Now we can take a look at forward-looking valuation ratios under different earnings assumptions. The table below shows the forward price to earnings ratio for Alphabet based on the average earnings estimate, the most pessimistic estimate, and the most optimistic estimate.

Alphabet is fairly reasonably valued for 2021 and beyond, and a more optimistic earnings estimate makes the stock look like a big bargain.

Fiscal Period Ending Average PE Pessimistic PE Optimistic PE
Dec 2020 35.70 40.99 30.89
Dec 2021 27.65 37.25 22.92
Dec 2022 24.16 54.32 19.99
Dec 2023 20.26 21.41 18.99
Dec 2024 18.21 18.84 17.63
Dec 2025 15.84 16.83 14.96

Data Source: Seeking Alpha

Just to do some back of the envelope calculations, if actual earnings come in at the mid-point between the average earnings estimate and the most optimistic earnings estimate, let’s call this a cautiously optimistic earnings estimate for Alphabet, this would mean $60.7 in earnings per share for 2021. This number would put Alphabet stock at a forward PE ratio of 25, which looks clearly attractive for such a high-quality business.

Risk And Reward Going Forward

A position in Alphabet is not exempt from risks, although it seems to me like the market may be focusing on the wrong risk factors. Regulatory pressure will continue increasing in the near term, but the company has both the financial resources and the strategic strength to continue thriving in spite of facing more regulations in different markets. Based on past evidence, it doesn’t seem likely that more regulatory oversight will derail Alphabet from its long term growth trajectory.

Advertising is a cyclical industry, and it is hard to know to what degree the recession is going to affect Google. Online advertising will keep gaining share versus traditional advertising during the pandemic and beyond, so a higher share of advertising budgets migrating to online channels should compensate for the recession to a good degree. But still, the current context makes the company’s financial performance more unpredictable than usual.

The recession is a temporary factor by its own nature, but it can still create some uncertainty and volatility around Alphabet stock over the near term.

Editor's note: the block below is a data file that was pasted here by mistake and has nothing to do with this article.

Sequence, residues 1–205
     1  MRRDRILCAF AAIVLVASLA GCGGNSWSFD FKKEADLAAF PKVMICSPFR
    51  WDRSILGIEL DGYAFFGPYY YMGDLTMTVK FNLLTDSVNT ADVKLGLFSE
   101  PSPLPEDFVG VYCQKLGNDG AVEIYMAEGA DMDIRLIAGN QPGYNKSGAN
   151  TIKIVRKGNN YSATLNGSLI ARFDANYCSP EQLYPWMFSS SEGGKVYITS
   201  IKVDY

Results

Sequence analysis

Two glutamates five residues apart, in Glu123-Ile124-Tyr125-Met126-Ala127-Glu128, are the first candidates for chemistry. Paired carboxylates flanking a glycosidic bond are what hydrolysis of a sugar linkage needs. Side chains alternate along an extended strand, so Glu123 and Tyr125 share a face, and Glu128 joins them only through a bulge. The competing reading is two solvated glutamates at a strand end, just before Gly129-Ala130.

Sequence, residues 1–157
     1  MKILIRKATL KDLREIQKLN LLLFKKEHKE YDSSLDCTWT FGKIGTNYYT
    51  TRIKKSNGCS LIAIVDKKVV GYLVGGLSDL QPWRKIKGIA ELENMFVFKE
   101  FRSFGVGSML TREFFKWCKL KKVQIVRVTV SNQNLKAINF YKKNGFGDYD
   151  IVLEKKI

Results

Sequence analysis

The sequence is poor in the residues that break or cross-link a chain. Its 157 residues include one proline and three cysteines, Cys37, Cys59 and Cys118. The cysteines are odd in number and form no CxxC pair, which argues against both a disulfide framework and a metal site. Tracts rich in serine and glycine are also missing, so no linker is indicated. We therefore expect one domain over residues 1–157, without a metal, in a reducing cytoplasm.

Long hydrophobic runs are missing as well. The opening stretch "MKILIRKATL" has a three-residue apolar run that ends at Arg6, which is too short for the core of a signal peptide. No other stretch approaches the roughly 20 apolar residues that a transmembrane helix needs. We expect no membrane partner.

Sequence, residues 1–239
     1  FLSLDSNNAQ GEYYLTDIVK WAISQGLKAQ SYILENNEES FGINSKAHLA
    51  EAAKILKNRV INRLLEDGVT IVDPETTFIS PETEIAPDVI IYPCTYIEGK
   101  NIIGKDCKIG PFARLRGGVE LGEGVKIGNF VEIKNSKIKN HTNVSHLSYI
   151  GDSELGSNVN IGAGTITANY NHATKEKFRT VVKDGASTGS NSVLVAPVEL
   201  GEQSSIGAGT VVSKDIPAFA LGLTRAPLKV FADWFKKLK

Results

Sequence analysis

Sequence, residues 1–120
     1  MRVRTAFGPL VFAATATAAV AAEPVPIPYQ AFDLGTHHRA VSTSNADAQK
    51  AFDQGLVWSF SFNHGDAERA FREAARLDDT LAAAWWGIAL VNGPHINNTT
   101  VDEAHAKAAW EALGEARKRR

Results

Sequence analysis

Regarding competition, Google is facing rising competitive pressure from titans such as Amazon (AMZN) and Facebook (FB), as well as smaller players making big inroads in programmatic advertising such as like The Trade Desk (TTD) and Roku (ROKU), to name a few noteworthy examples.

Competitive risk can never be disregarded, especially in such a dynamic sector. Alphabet’s ability to continue growing strongly in the face of rising competition cannot be taken for granted, and investors need to closely monitor the company’s financial performance and the competitive ecosystem going forward.

However, online advertising is a huge and growing market with enormous room for further growth over the long term. Importantly, Alphabet comes second to none in terms of competitive advantages in this promising market.

Investors are usually too short-sighted when analyzing the competitive dynamics in a sector. Trying to pick the winners and avoid the losers is the default approach for most investors, but it is not necessarily the most realistic or profitable way to invest. Buying the best companies in a sector that offers powerful tailwinds for long term growth can produce superior returns.

When the market opportunity is big enough you can have room for multiple winners to do well over time. Participating in the winners is more important than avoiding the losers, and diversifying within the sector can significantly reduce the risks for investors.

I personally own shares of Alphabet, Amazon, Facebook, The Trade Desk, and Roku, and holding these five stocks provides me with exposure to high-quality businesses benefiting from massive tailwinds due to the online advertising revolution while also keeping the competitive risk at bay via diversification.

In any case, risk can never be avoided when investing, nor should investors try to avoid all risks completely. The key is assuming the risks that are well compensated with enough upside potential, and Alphabet makes sense from that point of view.

Alphabet is a fundamentally sound company with rock-solid financial performance and trading at remarkably attractive valuation levels when considering the quality of the business. For these reasons, the stock looks well-positioned to provide healthy returns in the years ahead.

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Performance as of July 21, 2020

Disclosure: I am/we are long GOOG, AMZN, FB, TTD, ROKU. I wrote this article myself, and it expresses my own opinions. I am not receiving compensation for it (other than from Seeking Alpha). I have no business relationship with any company whose stock is mentioned in this article.